The 57-year-old Gordis, raised in Baltimore, emigrated to Israel with his young family in 1998, an odyssey he recounted in his 2003 book Home To Stay: One American Family’s Chronicle of Miracles and Struggles in Contemporary Israel. He came to national attention after the Palestinian suicide bombing campaign began in 2000, when his emails back to American family and friends describing life in Israel under siege were circulated first to dozens of people, then hundreds, and finally thousands. In September 2001, The New York Times published excerpts from them in a piece entitled “Email From An Anxious State.” Gordis is a sought-after interpreter of Israel and the Mideast for Americans, and he is that relatively rare bird: a lucid writer and a dynamic orator. The Forward called him “one of the most influential Israel analysts around”; The Jerusalem Post went further, calling him one of the 50 most influential Jews in the world.
It was in part the ignorance about what Israel really is that led Gordis to write his new book, Israel: A Concise History of a Nation Reborn, despite the plenitude of books on Israel already on the shelves. He laments the two conflicting narratives that tear at each other in discussions about Israel, neither fair, and both tending to obscure the textured appraisal of the Jewish state which, Gordis believes, will lead reasonable people to conclude that Israel deserves to be appreciated for the remarkable place that it is. “One [narrative] is that it is an apartheid state,” he says. “The other is that it is a weak power and that any criticism of Israel is a betrayal of family.” Gordis does not buy either one, and both do Israel a grave disservice, as far as he is concerned. “We’re caught between two false narratives, both equally false,” he says. “One is that Israel can do no good. The other is that Israel can do no bad.”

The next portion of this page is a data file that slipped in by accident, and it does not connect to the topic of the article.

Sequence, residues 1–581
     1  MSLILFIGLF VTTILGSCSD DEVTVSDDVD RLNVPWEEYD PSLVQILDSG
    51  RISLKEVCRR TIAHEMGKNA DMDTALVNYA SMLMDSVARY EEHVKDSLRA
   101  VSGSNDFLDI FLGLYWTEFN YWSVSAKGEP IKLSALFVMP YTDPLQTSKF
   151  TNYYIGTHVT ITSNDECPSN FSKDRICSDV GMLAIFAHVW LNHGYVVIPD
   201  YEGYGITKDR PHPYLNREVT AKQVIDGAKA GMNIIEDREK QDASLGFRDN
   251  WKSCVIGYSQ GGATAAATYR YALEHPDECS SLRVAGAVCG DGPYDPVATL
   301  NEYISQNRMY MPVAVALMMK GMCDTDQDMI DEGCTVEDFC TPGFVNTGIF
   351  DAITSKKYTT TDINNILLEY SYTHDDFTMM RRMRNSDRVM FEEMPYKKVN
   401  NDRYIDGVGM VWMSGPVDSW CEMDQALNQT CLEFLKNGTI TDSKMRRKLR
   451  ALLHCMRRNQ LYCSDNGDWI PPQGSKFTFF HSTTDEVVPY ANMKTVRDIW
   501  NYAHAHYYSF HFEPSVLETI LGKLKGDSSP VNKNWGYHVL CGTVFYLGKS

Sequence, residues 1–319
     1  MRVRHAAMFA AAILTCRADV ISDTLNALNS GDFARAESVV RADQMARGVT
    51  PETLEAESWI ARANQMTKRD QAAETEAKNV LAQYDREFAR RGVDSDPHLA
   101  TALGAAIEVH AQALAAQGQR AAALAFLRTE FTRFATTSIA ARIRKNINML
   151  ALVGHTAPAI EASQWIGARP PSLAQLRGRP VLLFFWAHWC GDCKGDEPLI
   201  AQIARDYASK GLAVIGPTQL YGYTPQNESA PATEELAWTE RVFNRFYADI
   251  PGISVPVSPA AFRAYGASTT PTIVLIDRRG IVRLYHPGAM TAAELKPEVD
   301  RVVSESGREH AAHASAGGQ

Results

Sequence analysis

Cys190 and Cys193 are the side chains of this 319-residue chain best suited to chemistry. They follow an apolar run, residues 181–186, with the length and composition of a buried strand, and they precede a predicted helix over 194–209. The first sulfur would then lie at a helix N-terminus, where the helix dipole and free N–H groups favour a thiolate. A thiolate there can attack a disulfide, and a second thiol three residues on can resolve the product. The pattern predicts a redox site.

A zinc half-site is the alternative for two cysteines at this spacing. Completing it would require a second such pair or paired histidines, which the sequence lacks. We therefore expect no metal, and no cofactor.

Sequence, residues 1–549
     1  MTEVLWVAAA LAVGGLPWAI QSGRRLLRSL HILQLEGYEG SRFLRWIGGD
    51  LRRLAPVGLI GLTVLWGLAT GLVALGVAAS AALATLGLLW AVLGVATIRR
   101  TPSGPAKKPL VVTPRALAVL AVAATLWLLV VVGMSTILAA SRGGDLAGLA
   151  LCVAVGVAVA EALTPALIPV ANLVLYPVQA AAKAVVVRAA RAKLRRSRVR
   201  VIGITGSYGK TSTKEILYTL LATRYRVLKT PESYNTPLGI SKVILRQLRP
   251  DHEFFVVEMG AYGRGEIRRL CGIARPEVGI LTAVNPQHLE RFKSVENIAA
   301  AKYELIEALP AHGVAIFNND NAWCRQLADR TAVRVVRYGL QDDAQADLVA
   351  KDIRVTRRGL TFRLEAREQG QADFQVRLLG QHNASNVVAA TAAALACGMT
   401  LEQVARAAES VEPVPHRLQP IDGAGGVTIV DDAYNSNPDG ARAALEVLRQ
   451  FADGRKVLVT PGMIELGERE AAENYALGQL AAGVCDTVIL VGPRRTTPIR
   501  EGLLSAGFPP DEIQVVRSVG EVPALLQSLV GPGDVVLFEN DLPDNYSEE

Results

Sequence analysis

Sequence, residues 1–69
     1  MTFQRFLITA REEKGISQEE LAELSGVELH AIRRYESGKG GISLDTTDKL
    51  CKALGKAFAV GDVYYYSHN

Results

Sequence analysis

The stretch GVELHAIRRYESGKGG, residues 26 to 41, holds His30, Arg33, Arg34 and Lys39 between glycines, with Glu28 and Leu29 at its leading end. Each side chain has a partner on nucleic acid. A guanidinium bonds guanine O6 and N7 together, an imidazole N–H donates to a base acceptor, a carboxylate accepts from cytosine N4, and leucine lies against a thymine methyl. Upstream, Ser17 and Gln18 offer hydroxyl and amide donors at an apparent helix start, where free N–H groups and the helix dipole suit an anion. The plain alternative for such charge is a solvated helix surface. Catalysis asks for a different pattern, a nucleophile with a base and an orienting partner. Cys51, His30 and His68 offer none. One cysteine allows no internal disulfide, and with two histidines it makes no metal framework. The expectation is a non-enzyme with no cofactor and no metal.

Gordis is both open in his love for Israel and unsparing in his rejection of those who resist admitting that there are important criticisms of her that can’t—and shouldn’t—be waved aside. “Everyone in Israel knows that there are ugly manifestations of Jewish nationalism,” he told the Observer. “One can be a Zionist and [still] be open about the challenges that Israel faces.” One reason for Gordis’ credibility in laying out Israel’s case is that he cannot be readily pigeonholed as being on this ideological team or that one. “He’s on Israel’s team,” says his daughter Talia, an attorney. “Pigeonholing him other than that is very hard.”
A harsh critic of certain Israeli policies, Gordis nevertheless marvels at the penchant for caricature and context-avoidance that makes otherwise intelligent Americans lose perspective about what Israel has managed to remain in a neighborhood rife with barbarity and social values outdated by decades, if not centuries. Take a look at America, he says. “If I get pulled over in America for speeding, I’m not afraid of getting shot. Black people are. No one says: ‘That’s what America is about.’ No one says that a gun epidemic is what America is about.” By the same token, he says, “the occupation is not what Israel is about.”